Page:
Police Spending

To understand how much police spending should perhaps be reduced, it is important to understand current funding levels. As shown in previous American Action Forum research, nearly $300 billion is spent annually on our criminal justice system, with roughly half ($142 billion) specifically spent on policing. Most police funding comes from local governments, though the federal government does provide nearly a quarter of police funding, primarily through COPS grants and Byrne grants.  As shown in the chart below, overall police funding has grown 254 percent from 1991 to 2019, while the U.S. population grew just 30.5 percent during that time.[3] Further, although most police spending continues to be derived from state and local funds, federal police funding has grown at a faster rate, leading federal funding of police to grow from 17 percent of funding in 1991 to 22 percent in 2016. This rising share increases the potential effectiveness of proposals to condition federal funds on police departments’ adoption of certain reforms—an option that nevertheless still has limitations.

Nationally, police spending represents, on average, 4-6 percent of state and local budgets.[4] But averages mask significant differences. Local police budgets vary greatly in size, somewhat a reflection of variation in the size of the population, historical crime rates, and the severity of potential threats. Other factors leading to variation include historical trends, as well as how other responsibilities of the city are funded (i.e., how much state and/or county funding is also provided for police or education or other services), which may provide more or less room in the budget for spending on police. The examples below provide illustrations of the impact of these myriad factors.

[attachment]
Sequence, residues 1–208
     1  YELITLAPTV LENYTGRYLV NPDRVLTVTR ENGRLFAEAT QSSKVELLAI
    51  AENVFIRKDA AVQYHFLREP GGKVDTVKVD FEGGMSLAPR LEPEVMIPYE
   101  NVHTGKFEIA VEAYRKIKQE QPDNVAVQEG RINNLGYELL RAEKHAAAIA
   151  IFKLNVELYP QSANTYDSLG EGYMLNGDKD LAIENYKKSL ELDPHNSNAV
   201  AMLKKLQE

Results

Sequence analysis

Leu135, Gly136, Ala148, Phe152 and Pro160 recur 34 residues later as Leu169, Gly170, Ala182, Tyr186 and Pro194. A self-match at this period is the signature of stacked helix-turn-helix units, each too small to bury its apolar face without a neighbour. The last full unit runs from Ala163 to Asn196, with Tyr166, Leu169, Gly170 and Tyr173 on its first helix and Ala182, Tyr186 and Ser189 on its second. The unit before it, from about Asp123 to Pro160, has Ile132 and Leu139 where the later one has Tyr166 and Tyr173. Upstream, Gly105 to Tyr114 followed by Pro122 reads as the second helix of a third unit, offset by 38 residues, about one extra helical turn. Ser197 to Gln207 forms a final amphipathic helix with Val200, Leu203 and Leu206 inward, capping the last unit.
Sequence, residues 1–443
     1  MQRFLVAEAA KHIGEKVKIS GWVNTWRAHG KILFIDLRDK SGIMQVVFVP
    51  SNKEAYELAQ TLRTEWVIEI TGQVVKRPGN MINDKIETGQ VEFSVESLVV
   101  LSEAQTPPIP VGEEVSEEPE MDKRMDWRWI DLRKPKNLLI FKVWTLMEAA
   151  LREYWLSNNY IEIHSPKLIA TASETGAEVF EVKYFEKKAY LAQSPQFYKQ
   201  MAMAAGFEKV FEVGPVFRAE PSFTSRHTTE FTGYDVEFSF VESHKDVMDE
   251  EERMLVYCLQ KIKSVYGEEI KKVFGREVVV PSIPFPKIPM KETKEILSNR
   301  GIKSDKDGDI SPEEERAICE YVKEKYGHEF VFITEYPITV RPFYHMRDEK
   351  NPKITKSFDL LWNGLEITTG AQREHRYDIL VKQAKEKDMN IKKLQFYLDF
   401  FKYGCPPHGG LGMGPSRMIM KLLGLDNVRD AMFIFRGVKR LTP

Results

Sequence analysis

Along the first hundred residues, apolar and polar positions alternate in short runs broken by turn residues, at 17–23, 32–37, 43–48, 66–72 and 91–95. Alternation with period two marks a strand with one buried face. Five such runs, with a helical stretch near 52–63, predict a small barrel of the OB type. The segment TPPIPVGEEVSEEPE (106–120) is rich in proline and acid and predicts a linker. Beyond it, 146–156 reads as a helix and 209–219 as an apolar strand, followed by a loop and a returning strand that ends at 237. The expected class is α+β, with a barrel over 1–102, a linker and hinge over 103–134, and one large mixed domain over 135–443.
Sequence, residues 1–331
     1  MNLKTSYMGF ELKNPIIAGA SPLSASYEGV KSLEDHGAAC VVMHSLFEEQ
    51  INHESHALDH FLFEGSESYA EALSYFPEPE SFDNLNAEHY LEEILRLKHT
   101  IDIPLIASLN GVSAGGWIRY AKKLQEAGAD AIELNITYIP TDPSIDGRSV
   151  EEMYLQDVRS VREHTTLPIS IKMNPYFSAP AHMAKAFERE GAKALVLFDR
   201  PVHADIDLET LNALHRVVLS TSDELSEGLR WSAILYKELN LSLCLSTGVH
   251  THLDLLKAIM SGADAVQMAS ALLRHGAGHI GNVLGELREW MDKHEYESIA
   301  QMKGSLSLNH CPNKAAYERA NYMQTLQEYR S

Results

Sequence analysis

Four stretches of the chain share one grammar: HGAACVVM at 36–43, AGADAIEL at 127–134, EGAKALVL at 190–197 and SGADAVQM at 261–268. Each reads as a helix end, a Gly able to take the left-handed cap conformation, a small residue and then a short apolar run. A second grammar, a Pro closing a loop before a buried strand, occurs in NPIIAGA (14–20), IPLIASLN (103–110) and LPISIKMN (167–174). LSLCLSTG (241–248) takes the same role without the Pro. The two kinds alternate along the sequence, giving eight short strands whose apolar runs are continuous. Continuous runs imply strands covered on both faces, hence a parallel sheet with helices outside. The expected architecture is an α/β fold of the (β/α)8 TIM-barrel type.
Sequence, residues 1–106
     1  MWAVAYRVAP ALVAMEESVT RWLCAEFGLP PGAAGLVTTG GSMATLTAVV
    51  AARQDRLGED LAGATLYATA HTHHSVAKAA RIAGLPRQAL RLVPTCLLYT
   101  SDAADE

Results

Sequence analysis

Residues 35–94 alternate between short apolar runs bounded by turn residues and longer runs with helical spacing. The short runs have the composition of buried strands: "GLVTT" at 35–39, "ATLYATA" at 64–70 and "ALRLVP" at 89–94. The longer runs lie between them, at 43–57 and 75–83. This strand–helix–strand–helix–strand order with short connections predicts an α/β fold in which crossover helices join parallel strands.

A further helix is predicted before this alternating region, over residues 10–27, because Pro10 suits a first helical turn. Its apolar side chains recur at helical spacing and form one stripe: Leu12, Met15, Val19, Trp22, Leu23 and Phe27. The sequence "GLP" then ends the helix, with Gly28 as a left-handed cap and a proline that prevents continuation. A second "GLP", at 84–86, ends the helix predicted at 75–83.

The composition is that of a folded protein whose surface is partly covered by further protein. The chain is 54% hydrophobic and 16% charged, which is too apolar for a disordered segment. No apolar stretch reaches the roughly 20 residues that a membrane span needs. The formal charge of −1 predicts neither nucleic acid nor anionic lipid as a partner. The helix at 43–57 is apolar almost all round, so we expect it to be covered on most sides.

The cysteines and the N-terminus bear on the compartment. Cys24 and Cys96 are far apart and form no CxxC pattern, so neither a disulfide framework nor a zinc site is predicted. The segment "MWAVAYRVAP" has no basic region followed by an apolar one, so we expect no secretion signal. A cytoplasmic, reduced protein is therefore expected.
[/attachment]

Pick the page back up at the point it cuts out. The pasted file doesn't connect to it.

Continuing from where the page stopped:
The largest police force in the country—the New York Police Department—has a budget of $10.9 billion in 2020: $5.6 billion in operating expenses, 88 percent of which covers salaries, plus $5.3 billion in central expenses, which primarily cover the cost of benefits and pensions.[5] Given the city’s historical and continued terrorist threat, 5 percent of the budget ($315 million) is allocated to intelligence and counterterrorism, an allocation for which most localities likely have no need.[6] The total police budget represents 11 percent of the city’s overall budget and is the second largest expenditure behind the city’s Department of Education, which has a budget of $24.1 billion in 2020.[7] (The New York City Council recently approved a nearly $1 billion cut to the police department’s operating budget.[8])

Looking at other major cities, roughly 20 percent ($1.8 billion) of Chicago’s budget is spent on police in 2020, nearly $1.6 billion of which covers personnel services.[9] The city of Los Angeles spends a similar amount on its police force ($1.9 billion, accounting for 18 percent of the city’s expenditures), but—unlike Chicago—the city also receives roughly an equal share of funding from the county for policing, bringing the total funding for the Los Angeles Police Department to nearly $4 billion.[10]